Here is my reply to “Third Order”

I take exception to your claim that it is impossible to obtain information and criteria about the LMCC and frequency coordination practices and procedures.  You must not have looked very hard.  WWW.LMCC.ORG is the orginazations website.  All of the FCC certified Land Mobile Radio Service Frequency Coordinators are members of the LMCC, we all have input into the  policies and procedures and I’m pertty sure that we all do our best to follow them explicitly.

While at the LMCC website, under the ADVOCACY tab you can find 20 documents that have been posted within the past three years, including four in 2015.

The ARCHIVES  have LMCC comments, filings, proposed rule makings, letters to FCC Bureaus and adopted coordination/licensing procedures dating back to 1999.

The NEWS tab contains articles back to 2011.

You complain that you can’t get adequate information about coordination standards by reading the FCC Daily Digest. Sir, If you are relying on the FCC Daily Digest you WILL miss the whole picture.  Not everything the LMCC, the NAB, Cable Operators Association and other user groups, consumer groups or manufacturers associations agree to do or develop as policy rises to the level of publication in the Federal Register or the FCC Daily Digest.  In the case of the LMCC, we have tried to keep out policies and practices in front of  the public the best way available, and for over a decade, thats been via the LMCC website.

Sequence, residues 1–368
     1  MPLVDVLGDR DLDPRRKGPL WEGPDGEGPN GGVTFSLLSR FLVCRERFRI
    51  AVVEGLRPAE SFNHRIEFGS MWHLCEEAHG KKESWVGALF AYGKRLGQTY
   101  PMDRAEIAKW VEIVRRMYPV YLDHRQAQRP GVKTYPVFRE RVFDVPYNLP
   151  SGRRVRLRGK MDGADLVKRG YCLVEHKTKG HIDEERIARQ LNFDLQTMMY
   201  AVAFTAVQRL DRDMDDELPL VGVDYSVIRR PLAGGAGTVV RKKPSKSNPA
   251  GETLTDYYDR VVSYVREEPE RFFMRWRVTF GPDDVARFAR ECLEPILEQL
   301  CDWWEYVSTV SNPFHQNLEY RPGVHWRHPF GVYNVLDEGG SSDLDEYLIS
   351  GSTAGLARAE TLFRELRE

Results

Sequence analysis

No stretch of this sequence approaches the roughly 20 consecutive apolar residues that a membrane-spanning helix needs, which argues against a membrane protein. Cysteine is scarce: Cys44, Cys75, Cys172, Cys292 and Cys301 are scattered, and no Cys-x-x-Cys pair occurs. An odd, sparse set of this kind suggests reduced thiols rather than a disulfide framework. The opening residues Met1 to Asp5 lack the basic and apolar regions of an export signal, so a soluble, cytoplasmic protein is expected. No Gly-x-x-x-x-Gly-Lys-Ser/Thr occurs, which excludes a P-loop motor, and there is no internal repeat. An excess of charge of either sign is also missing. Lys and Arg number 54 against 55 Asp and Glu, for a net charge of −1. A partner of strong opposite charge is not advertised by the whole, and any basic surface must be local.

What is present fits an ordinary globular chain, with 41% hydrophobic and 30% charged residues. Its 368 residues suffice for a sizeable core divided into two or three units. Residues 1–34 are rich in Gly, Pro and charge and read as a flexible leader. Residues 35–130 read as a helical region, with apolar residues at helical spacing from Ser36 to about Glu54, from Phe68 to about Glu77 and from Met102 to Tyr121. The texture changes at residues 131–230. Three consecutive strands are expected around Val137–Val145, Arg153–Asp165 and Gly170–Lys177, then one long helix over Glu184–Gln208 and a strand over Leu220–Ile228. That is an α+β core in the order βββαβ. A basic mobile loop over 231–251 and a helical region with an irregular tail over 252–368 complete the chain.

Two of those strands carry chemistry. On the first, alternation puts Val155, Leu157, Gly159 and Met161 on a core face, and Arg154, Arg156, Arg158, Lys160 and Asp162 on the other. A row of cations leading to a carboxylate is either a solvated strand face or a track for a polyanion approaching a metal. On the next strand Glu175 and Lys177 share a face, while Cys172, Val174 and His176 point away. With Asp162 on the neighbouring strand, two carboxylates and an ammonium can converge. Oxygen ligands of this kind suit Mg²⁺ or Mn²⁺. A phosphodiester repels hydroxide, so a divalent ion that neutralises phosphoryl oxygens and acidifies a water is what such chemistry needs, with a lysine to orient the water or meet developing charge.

If you wonder about FCC Regulations, read them, they are easily available.  If  you wonder about LMCC policy click on the website.Just don’t falsley allege that the LMCC and Certified Frequency Coordinators conspire to keep service shops or licensees in the dark.
Kenton E. Sturdevant
Executive V.P.
Forest Industries Telecomm (FIT)
Eugene, OR
Web Site is:
541-485-8441 VOICE
541-485-7556 FAX

The pending closure of about half the FCC Enforcement Bureau Field Offices and the furloughing of agents to save money continues to draw the ire of many licensees and user groups.

Leslie Stimpson of Radio World magazine published a recent summary of events that occurred at a meeting of Public Safety officials…the link is:

FCC Commissioner Ajit Pai is encouraging the FCC to become more transparent.  His statement released Tuesday, April 21  is as follows:

FOR IMMEDIATE RELEASE                                                          CONTACT:

April 21, 2015                                                                                     Matthew Berry (202) 418-2005




I commend the continued work of the Communications and Technology Subcommittee of the U.S. House of Representatives Energy and Commerce Committee to ensure good process and bring greater transparency to the Federal Communications Commission.  The American people are too often left in the dark when it comes to agency decision-making.  In the meantime, favored special interests are able to gain access to “non-public” information.  This is wrong.  The American people have a right to know what their government is doing, and I look forward to working with Congress and my colleagues to make sure that happens.